Chapter 9. Functional OOP

Dealing with immutable variables brings up an interesting question as we dive into object-oriented programming (OOP): “Why would we have an object if we’re never going to change it?” This is where I’ve seen many people have an epiphany about functional programming. They understand the concept that an object is no longer something that “acts”; instead, it “contains” data.

As we go through this chapter, my hope is that you’ll also understand that objects are merely containers that encapsulate a set of data. We’ll answer the question “How does work get done?” by using static functions that will take our objects.

Back at XXY, your boss has asked you to extract the “send email” logic so that you can send emails for any type of report that might be requested in the future. He wants this to be done such that no other code that already calls sendEmail() has to be modified.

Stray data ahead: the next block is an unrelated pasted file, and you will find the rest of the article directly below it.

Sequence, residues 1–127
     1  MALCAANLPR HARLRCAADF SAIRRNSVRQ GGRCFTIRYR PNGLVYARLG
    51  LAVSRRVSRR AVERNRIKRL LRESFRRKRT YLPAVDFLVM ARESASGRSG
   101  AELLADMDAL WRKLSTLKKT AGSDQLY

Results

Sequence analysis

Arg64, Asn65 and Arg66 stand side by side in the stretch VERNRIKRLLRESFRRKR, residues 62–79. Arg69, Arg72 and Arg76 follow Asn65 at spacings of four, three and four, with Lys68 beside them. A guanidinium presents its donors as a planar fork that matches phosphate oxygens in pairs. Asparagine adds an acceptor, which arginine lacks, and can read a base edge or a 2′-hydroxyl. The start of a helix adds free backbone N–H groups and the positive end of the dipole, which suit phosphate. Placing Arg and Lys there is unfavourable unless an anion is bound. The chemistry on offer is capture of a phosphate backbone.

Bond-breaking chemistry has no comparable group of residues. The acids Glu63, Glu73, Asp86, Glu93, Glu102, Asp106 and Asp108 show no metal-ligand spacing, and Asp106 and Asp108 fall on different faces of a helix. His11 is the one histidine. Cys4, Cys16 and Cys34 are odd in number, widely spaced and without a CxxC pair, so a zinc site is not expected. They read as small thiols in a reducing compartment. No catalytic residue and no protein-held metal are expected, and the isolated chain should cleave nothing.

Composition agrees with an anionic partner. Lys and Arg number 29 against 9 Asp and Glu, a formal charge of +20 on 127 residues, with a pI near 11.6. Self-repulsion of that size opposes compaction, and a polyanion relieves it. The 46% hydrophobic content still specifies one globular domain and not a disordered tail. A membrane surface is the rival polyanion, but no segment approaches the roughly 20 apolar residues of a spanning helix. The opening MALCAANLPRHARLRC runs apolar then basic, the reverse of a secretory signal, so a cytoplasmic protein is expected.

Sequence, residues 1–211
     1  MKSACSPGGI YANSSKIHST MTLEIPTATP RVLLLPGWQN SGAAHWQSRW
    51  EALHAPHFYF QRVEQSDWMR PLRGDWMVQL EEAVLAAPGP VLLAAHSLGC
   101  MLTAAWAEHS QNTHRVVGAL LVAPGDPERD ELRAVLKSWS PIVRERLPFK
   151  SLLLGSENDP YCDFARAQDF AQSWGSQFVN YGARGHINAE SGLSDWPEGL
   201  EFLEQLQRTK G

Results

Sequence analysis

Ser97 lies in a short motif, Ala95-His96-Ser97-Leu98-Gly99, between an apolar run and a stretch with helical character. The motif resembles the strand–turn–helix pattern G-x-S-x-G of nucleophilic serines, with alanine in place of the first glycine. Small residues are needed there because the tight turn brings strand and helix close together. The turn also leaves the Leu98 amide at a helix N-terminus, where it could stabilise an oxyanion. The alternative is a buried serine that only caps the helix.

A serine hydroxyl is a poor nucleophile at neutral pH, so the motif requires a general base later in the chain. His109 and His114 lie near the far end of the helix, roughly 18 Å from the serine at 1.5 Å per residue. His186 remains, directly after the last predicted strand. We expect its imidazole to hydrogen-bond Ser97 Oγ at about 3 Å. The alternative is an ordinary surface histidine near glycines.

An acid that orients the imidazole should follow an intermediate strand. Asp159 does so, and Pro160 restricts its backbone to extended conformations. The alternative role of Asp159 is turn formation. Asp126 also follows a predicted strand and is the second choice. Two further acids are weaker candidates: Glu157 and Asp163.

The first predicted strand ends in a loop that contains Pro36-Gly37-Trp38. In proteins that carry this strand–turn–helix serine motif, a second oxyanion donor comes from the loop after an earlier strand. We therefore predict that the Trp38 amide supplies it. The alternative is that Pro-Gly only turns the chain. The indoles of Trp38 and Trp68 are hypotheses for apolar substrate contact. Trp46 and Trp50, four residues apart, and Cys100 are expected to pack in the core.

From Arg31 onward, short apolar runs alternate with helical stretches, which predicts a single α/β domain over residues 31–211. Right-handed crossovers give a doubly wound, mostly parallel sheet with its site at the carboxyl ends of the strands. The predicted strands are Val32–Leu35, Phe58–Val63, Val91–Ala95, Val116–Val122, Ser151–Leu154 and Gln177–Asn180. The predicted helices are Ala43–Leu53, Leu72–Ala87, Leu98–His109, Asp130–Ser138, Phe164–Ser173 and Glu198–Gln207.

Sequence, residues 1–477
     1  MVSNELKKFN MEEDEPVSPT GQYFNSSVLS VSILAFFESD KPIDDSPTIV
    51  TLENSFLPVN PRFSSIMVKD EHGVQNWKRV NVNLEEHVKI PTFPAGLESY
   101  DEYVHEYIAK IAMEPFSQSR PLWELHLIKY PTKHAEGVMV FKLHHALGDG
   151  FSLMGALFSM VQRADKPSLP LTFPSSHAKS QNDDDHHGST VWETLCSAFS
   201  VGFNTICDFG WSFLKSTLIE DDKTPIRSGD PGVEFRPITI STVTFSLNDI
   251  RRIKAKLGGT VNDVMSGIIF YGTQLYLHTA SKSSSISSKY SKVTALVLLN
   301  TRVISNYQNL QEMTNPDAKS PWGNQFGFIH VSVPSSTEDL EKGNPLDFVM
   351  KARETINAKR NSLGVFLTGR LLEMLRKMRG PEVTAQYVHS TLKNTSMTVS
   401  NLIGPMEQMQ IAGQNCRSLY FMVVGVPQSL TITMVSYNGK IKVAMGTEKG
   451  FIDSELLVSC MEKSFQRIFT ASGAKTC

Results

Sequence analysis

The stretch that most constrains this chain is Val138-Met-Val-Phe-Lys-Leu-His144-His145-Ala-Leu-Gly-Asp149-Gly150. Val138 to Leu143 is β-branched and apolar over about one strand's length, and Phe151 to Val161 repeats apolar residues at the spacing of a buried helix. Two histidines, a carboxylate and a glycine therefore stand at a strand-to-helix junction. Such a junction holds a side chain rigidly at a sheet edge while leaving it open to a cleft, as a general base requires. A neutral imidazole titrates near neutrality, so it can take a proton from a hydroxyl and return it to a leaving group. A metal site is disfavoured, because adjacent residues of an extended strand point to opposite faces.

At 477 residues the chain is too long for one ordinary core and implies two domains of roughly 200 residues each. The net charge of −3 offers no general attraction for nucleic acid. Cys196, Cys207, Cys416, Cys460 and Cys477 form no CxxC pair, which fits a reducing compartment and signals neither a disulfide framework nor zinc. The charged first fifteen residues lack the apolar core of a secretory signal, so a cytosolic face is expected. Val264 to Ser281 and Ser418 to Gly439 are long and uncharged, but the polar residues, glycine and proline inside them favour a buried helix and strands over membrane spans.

Static Encapsulation

Let’s begin by refactoring. Your boss wants you to extract the def sendEmail() function so that the functionality can be reused. Let’s first look at the Contact class and the corresponding def sendEmail() function that we will be migrating, as shown in Example 9-1.

Example 9-1. Send Email original
class Contact(val contact_id : Integer,
              val firstName : String,
              val lastName : String,
              val email : String,
              val enabled : Boolean) {

  def sendEmail() = {
        println("To: " + email + "\nSubject: My Subject\nBody: My Body")
  }

}

Let’s begin extracting this functionality by creating a function ...

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